4 Godly Things Your Child Can Learn From Having Good Sleep Habits

4 Godly Things Your Child Can Learn From Having Good Sleep Habits - Parenting Like HannahIf you have read many parenting blogs or books, one of the top areas of concern is how to get children to sleep well. There are a lot of reasons your kids may or may not be sleeping. Some are easily fixed, while others may require the help of your child’s pediatrician.

In general though, one important fact about your children’s sleep habits is true. You can’t force a child to fall asleep, but you can give boundaries for appropriate behavior during rest times and enforce them. I’m sure many of you are rolling your eyes at that last statement, but it’s true for all but the very youngest of children. You should be able to make and enforce reasonable rules for your children’s rest times, just like you do for other areas of their life.

Doing so may take some extra effort on your part at first – especially when they are transitioning to a new bed or bedroom. It’s really important to do so though. Your kids learn four important godly things when you make and enforce good rules for rest times.

  • They learn obedience. If your children can’t learn to obey you about which times they are allowed to leave their rooms or interrupt your sleep, they are even less likely to obey God in the “little things”. Many parents let bad behaviors slide during rest times. This only teaches your kids that there are times they can do anything they want and disrupt the lives of others with virtually no consequences. If allowed to continue, they will think they can also pick and choose when they obey God.
  • They learn to show love and respect to others. Even very young children can compare a number you have written to the number on a large digital clock and be quiet until they match or until you come to wake them. Getting out of bed to play in another room or waking others with non-essential questions, is showing disrespect for the others in their family who also need rest. If they are allowed to be disrespectful and disturb others who are trying to sleep, they will eventually learn they don’t have to put the needs of others before their own – the exact opposite of what Jesus taught.
  • They learn how to take care of the gifts God gave them. As you teach your kids about being good stewards, don’t forget to include the idea of being good stewards of their bodies. Explain to them the necessity of rest for our bodies to heal and grow. As your kids get older and push back at long periods of rest, consider showing them the studies explaining all young people need ten to twelve hours of sleep to be taking the best possible care of their bodies.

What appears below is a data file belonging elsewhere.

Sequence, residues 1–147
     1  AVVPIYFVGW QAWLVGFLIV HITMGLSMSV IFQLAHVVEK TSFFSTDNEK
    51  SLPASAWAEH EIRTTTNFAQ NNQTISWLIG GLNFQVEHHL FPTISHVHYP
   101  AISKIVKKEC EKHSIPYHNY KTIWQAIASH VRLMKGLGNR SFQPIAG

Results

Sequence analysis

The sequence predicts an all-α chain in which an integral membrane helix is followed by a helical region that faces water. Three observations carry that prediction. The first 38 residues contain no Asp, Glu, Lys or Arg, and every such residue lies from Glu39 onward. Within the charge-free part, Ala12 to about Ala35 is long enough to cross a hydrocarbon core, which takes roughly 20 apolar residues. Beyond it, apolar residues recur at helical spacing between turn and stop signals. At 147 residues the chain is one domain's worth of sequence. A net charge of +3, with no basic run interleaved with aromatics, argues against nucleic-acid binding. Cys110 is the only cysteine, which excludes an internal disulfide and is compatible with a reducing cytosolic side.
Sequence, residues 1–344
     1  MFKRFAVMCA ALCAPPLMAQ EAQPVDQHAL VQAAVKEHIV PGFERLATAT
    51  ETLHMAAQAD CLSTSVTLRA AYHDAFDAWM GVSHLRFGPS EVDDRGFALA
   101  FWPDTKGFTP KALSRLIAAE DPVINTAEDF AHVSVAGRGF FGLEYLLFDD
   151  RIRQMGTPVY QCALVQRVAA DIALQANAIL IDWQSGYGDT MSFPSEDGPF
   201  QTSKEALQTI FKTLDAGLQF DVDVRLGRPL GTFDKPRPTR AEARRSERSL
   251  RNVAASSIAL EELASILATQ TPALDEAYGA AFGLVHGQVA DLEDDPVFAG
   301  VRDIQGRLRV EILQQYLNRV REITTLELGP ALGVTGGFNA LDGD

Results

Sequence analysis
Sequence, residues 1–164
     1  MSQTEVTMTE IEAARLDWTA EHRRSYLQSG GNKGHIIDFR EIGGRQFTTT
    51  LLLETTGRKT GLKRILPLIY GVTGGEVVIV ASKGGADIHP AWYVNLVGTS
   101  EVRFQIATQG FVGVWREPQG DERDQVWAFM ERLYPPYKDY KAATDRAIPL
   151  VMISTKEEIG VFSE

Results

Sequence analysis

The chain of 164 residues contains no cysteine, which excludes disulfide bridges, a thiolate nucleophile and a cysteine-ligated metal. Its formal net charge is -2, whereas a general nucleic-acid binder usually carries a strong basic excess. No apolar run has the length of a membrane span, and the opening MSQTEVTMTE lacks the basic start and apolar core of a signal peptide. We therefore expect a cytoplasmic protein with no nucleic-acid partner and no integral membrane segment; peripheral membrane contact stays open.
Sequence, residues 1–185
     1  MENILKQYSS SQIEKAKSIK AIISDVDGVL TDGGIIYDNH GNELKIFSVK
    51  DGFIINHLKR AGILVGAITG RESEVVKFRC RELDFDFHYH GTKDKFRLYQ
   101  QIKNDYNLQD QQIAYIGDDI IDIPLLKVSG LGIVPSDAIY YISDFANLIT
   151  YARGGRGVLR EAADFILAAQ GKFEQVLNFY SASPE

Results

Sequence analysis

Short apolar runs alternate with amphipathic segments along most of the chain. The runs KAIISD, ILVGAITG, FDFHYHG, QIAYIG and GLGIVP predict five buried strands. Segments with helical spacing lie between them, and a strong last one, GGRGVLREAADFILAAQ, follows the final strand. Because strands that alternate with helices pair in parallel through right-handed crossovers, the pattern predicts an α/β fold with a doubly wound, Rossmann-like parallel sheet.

• They learn what it feels like to be able to work at the level of their godly potential. Let’s face it – even small amounts of sleep deprivation can affect cognition, mood, decision making and even your children’s ability to resist temptations. Help them learn the difference between functioning after a full night’s sleep and when they haven’t slept enough. Explain that as God has given them gifts and gives them opportunities to serve Him, they can be more effective when they are well rested. Having a good night’s sleep can also make it easier for your children to be joyful and resist temptation.

Creating and enforcing rest time rules isn’t easy. The benefits though make it worth the time and effort. Not only will you have fewer behavior and attitude problems, but you should be able to get more rest, too. Everyone can appreciate the benefits of that precious parenting gift!

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Fix these words of mine in your hearts and minds; tie them as symbols on your hands and bind them on your foreheads. Teach them to your children, talking about them when you sit at home and when you walk along the road, when you lie down and when you get up. (Deuteronomy 11:18-19 NIV)